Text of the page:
'What can I do for you, Mr.MacNutt?'
'Well, I just learned from one of your students that you also offer religious classes in this school. I understand that various speakers state their views.'
'That is correct, but we are booked solid for the year.'
John felt his courage sagging, but did not give up without an effort. 'In case one of the speakers are hindered for any reason, would you consider me?'
'What are your credentials, Mr. MacNutt?'
'I am a graduate of Wickliffe Bible College and would represent the let's say more traditional viewpoint.'
'That one is well taken care of by the local priest.'
John had the tendency to turn around away from these terse and to the point remarks.
'One more question. Is religion a voluntary subject in this school?'
'Of course it is an elective, Mr.MacNutt. We have no desire to force anything on our students.' John nodded sheepishly and gave up.
'Thank you for your time, Mrs..Dupont.'
'You are very welcome, Mr.MacNutt.' And the school ma'am closed a book of some kind and put on her coat, making herself ready to leave the office.
'Must be some kind of feminist,' John grumbled in himself as he left the school building. 'I have my fill of this day as it is written: Unto the day sufficeth the evil thereof.' And John headed home. But then he realized that he did not know the way home. The park was empty; nobody he could ask. Coming out of the park he saw a gas station. 'Good, I'll ask there. I must get more acquainted with this neighborhood.' At the station an attendant was filling up a car with unleaded gasoline.
'Hi, can you tell me the shortest way to 'Sunset Boulevard'?'
'Sure can. You bear left over there,' and the attendant pointed to the right of the gas station. 'on the opposite side. Then the second road on your right. That's it.'
'Thanks,' John replied.
'No problem,' the attendant said cheerfully.
John could feel his stomach demanding a refuel. 'I'm gonna make myself a hearty good meal of macaroni,' he said to himself. As he turned around the corner into 'Sunset Boulevard' he saw a banner across the street from one tree to another. 'Keep Sunset Boulevard smiling,' it said. Pickup trucks were hauling off garbage and debris. Arriving at number eleven, his apartment building, he noticed the difference. Everything breathed as it were so much cleaner. He recognized one of the workers, carrying in a broom, as one of his neighbors.
'What is going on, neighbor?'
'We are tidying up the street. It looks like the town garbage haulers will be on strike for a long time to come. Some of the guys are gonna dump the refuse right in front of city hall,' the neighbor said chuckling. 'They are sick and tired of being the victims of an age long dispute. Also the owners of the apartment buildings have stuck their heads together to get the entire block painted by a local contractor. So we renters will get our money's worth after all.'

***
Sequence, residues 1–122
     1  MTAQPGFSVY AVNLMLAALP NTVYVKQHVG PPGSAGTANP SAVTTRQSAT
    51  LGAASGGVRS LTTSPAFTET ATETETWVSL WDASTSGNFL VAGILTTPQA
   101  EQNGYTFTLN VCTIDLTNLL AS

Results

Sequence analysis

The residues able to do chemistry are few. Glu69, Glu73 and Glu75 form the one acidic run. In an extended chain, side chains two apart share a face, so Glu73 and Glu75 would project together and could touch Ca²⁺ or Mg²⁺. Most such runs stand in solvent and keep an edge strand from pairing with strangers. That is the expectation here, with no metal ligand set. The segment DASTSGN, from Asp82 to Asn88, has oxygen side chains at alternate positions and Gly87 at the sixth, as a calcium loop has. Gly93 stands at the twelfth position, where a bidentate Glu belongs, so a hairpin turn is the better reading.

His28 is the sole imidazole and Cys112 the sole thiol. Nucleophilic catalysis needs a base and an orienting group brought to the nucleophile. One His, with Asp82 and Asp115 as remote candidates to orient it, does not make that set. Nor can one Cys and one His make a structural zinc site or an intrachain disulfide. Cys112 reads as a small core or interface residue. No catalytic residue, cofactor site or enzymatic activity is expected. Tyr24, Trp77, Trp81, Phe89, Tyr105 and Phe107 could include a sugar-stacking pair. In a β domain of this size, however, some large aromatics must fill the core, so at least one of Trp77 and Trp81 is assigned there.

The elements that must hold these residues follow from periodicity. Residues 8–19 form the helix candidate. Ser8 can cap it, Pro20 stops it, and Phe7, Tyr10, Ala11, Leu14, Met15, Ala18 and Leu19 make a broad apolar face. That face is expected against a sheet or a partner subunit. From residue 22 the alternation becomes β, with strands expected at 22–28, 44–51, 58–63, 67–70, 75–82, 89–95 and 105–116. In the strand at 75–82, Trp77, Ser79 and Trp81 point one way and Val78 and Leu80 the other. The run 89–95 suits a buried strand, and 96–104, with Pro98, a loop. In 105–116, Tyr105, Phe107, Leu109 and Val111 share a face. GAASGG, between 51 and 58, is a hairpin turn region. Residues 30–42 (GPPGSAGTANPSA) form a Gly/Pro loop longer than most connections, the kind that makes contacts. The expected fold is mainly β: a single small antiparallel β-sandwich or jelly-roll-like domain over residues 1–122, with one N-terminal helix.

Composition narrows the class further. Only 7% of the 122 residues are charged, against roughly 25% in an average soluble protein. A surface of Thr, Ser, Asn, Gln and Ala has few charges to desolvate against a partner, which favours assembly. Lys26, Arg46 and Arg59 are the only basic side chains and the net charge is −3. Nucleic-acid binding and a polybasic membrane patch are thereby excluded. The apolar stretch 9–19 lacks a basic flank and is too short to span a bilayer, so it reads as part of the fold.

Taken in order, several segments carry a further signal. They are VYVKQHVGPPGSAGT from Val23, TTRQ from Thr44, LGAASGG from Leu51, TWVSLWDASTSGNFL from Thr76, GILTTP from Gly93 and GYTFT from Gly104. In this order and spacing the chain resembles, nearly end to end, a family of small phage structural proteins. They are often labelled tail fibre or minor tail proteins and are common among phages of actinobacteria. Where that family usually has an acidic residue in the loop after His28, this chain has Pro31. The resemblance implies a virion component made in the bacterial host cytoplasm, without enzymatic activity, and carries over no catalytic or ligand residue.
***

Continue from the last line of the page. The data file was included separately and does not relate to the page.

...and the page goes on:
'Well, that's a good thing then,' John replied.
'Sure is,' the neighbor added. Apparently he had something else on his mind, but decided to keep it in; or he simply was waiting for more of a reaction on John's part, and then he went inside with a mere 'See-ya.' John looked the apartment building up and down. 'It could use some paint,' he said to himself. He noticed it had four levels and a nice gable of intricate woodwork. Also the iron railings alongside the steps at the front were of intricate design. But they were well painted. The wooden plate over the entrance said in clear white letters: Rushmore Manor. On the right door two ones were painted. 'Eleven, fools' number,' John said. 'Now why do I only now observe this building with some attention? I am not usually a stickler for details.' He shrugged his shoulders and went inside as well.
Inside he checked the mailbox not expecting any mail so soon. He took out a flyer and a letter. 'Mom wrote! So soon!' He opened the door of his apartment, sank down in his armchair and quickly read the letter. 'John, we want you to know that your dad and I support you in this work for the Lord, even though the congregation was less enthusiastic. We pray daily for you and hope that God will bless the gospel as it is preached by one of His most devout students.' John smiled and nodded. Upon reading this encouraging letter he went about and cooked himself his 'hearty good meal.' He gobbled it down with a soda as he was a quick eater.